From Ireland to the Balkans, Europeans are all closely related according to a new study of the DNA of people from across the continent. The study, conducted by Graham Coop at the University of California, Davis, and Peter Ralph of the University of Southern California, examined relatedness among Europeans up to about 3,000 years ago, comparing genetic sequences from over 2,000 individuals. Their results are published 7 May in the open access journal PLOS Biology.
The researchers found that the extent to which two people are related tends to be smaller the farther apart they live, as one might expect. However, even two individuals as far apart as the UK and Turkey are still likely to share all of each other's ancestors from only a thousand years ago.
"What's remarkable about this is how closely everyone is related to each other," said Graham Coop, Professor of Evolution and Ecology at UC Davis. "On a genealogical level, everyone in Europe traces back to nearly the same set of ancestors within a thousand years. This was predicted by theory over a decade ago, and we now have concrete evidence from DNA data." Although the data was from Europeans, the same pattern is likely to apply to the rest of the world as well, he added.
"Imposed on top of this high level of relatedness are subtle local trends that probably mark demographic shifts and historic migrations," Ralph noted. "Barriers like mountain ranges or linguistic differences have also had the effect of slightly reducing relatedness between regions."
"There are lots of tantalizing hints at history," he explained. For example, although the differences are relatively small, Italians tend to have a lower level of relatedness to each other, and to other Europeans, perhaps resulting from the long history of many distinct cultures within the peninsula. Also, many eastern Europeans showed subtly higher levels of relatedness, possibly influenced by the expansion of Slavic peoples into Europe over a thousand years ago.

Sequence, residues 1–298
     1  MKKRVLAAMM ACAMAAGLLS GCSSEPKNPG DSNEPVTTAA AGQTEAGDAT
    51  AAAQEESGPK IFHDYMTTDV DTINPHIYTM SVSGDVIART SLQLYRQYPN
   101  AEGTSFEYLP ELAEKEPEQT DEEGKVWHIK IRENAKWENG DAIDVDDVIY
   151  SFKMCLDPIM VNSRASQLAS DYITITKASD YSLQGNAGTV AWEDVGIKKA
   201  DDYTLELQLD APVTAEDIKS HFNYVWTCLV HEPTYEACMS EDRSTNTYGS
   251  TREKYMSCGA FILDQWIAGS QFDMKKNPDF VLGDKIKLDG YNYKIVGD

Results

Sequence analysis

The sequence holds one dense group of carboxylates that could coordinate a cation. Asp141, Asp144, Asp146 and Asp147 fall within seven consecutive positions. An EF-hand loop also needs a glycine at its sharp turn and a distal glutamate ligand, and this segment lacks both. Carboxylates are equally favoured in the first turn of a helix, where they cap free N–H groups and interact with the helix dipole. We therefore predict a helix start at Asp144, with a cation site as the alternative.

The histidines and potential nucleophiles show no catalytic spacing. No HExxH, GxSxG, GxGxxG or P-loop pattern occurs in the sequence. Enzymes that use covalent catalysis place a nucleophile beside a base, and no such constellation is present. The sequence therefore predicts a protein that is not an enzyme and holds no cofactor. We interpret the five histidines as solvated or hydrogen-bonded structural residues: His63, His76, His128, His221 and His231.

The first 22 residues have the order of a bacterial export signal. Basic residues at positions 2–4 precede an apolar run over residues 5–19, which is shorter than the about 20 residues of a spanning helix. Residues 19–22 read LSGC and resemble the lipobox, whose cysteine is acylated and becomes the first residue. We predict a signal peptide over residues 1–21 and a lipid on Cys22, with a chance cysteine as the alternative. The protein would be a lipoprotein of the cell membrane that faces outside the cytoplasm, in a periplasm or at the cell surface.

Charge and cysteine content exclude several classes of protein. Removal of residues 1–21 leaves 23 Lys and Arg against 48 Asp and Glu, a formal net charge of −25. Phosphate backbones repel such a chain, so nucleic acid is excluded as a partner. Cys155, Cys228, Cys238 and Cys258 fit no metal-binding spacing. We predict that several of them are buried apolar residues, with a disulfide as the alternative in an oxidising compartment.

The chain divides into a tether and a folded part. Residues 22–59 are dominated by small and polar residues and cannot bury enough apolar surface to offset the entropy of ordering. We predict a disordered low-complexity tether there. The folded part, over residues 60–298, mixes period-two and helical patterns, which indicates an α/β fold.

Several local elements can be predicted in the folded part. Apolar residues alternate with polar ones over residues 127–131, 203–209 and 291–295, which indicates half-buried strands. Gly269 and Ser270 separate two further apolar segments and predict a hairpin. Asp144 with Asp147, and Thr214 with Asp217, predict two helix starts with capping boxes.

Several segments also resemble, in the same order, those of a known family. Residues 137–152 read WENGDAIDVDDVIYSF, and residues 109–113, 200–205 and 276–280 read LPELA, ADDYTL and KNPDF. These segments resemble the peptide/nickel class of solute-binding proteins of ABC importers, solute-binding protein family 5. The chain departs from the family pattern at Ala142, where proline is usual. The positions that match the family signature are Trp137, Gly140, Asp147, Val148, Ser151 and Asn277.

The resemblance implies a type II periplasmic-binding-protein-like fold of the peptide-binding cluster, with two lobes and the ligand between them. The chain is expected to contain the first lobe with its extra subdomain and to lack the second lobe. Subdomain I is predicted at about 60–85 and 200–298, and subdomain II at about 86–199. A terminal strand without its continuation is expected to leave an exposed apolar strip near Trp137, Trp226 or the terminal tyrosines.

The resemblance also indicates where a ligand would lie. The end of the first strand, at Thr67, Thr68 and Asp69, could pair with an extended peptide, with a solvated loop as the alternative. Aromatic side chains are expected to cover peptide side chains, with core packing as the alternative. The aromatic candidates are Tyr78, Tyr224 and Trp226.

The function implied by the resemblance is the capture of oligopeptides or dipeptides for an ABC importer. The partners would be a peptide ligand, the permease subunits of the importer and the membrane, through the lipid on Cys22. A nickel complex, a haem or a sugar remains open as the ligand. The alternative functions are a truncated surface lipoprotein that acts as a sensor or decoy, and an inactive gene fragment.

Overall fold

To learn about these patterns, Ralph and Coop used ideas about the expected amount of shared genome between relatives of varying degrees of relatedness. For example, first cousins have grandparents in common and share long stretches of DNA. Ralph and Coop looked for shorter blocks of DNA that were shared between cousins separated by many more generations.
Because the number of ancestors doubles with every generation, the chance of having identical DNA in common with more distant relatives quickly drops, but in large samples, rare cases of distant sharing could be detected. With their analysis, Coop and Ralph were able to detect these blocks of DNA in common between different individuals spread across Europe, and calculate how long ago they shared an ancestor.
The authors hope to continue the work with larger and more detailed databases, including much finer resolution data on individuals from regions within countries.
However, Coop noted that while studies of genetic ancestry can be informative about history, they do not tell the whole story. Archaeology and linguistics can tell us much more about how cultures and societies moved and changed—but in turn cannot always inform us about the movement of people, since people can learn a new language or a new cultural practice whatever their ancestry.
"These studies need to proceed hand in hand, to form a much fuller picture of history over the past thousands of years," Coop said.
Funding: GC: Sloan Foundation Fellowship, http://www.sloan.org. PR: Ruth L. Kirschstein Fellowship, NIH #F32GM096686, grants.nih.gov. The funders had no role in study design, data collection and analysis, decision to publish, or preparation of the manuscript.
Competing interests: The authors have declared that no competing interests exist.
Citation: Ralph P, Coop G (2013) The Geography of Recent Genetic Ancestry across Europe. PLoS Biol 11(5): e1001555. doi:10.1371/journal.pbio.1001555
FAQ PAGE (written by the authors for a general audience): http://gcbias.org/european-genealogy-faq/
University of Southern California